Unlike the brand name-dropping rappers of today, when Sugarhill Gang gave a shout-out to their favorite hotels in Rapper's Delight, they didn't exactly get specific. "Hotel, motel, Holiday Inn" — well, those could be just about anywhere. Same goes for Holidae In, that early aughts club classic by Chingy (featuring Ludacris and Snoop Dogg).
Through the ages, though, other musicians have been considerate to namecheck certain hotels so that devoted, music-loving travelers might make a real-life pilgrimage. Here are some of our favorite songs about real hotels — most of which you can even still check into today.
1. Memory Motel
This Rolling Stones number is shrouded in much legend — rumor has it that the lyrics are about Carly Simon — but the existence of the motel from which it takes its name is indisputable. The Memory Motel is a funky little motel and, as Mick sang, "It's on the ocean, I guess you know it well." Actually it's a little back from the ocean, on Montauk Highway, and the Stones didn't stay here on their Montauk visit, preferring to crash at Andy Warhol's nearby pad instead. The bar here is particularly popular on summer weekends, but even if you have to wait for a drink, bed is just a stumble away.
2. Chelsea Hotel No. 2
Few hotels can claim such rock and roll cred as the Hotel Chelsea, home over the years to such 20th-century icons as Bob Dylan, Patti Smith, Iggy Pop, and Leonard Cohen who wrote Chelsea Hotel No. 2 about his encounter there with fellow resident Janis Joplin. "That was New York," Cohen wrote with a twinge of cynicism. "We were runnin' for the money and the flesh." Predictably, the glory days of the Chelsea are far behind it, devoured by Manhattan's real estate business. Today, wrangling with long-term residents aside, a development company plans to transform it into a luxury hotel, due to open in 2017.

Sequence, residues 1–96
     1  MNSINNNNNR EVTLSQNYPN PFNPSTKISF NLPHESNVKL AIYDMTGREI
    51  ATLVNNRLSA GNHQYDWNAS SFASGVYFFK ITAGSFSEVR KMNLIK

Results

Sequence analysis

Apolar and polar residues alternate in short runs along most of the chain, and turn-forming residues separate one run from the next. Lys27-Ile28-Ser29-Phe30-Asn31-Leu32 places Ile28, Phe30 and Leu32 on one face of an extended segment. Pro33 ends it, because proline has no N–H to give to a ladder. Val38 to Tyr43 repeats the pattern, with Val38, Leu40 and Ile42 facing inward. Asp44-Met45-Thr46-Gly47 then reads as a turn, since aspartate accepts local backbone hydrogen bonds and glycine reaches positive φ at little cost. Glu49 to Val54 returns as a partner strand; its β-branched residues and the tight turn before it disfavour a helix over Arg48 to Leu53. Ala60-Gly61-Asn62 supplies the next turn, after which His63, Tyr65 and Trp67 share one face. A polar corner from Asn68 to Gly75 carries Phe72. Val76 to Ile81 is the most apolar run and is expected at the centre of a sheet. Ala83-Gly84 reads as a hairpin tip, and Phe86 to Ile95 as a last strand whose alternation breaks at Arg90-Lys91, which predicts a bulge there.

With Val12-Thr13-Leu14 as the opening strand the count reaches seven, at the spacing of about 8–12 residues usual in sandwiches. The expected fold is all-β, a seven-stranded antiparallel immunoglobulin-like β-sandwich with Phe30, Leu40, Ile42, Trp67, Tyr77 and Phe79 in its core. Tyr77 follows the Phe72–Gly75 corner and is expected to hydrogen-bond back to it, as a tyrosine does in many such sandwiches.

3. Pennsylvania 6-5000
This infectious swing jazz standard, first recorded by Glen Miller in 1940, takes its title from the phone number for Hotel Pennsylvania — the longest-running number in New York City. While the hotel is somewhat diminished since the midcentury days when it was the world's biggest hotel and considered the height of luxury, you can still dial PE6-5000 (preceded by the more modern 212 area code) and give them a bell.
4. There's a Small Hotel
Rodgers and Hart's There's a Small Hotel has been recorded by many popular figures over the years, perhaps most memorably by Ella Fitzgerald, who sounds quite enticing when she sings "I'd like to get away, Junior/Somewhere alone with you/It could be oh, so gay, Junior." The song gets quite specific about this hotel, mentioning the curtains and prints on the wall, but it's the mention of the wishing well that leads to the conclusion it's about Santa Barbara's Montecito Inn, which was built by Charlie Chaplin in the 1920s and visited by many Hollywood stars of the day. The spruced-up hotel is still open, but alas the wishing well is no more.
5. Hotel Yorba
According to interviews with The White Stripes, Hotel Yorba was inspired by a Detroit hotel of the same name, about which a young Jack White once heard a (false) rumor saying that the Beatles had once stayed there. The song was recorded in the hotel, room 206 to be exact, but it has since been turned into subsidized housing.
6. Always Crashing in the Same Car
It was the best of times, it was the worst of times. David Bowie produced some of his best work while living in Berlin in the 1970s, but he also produced a number of hair-raising moments. This song is said to be about him ramming his dealer's car (whom he suspected of having ripped him off), then doing circles in his Berlin hotel parking lot. Like much about Bowie, however, the name of the hotel remains a mystery.
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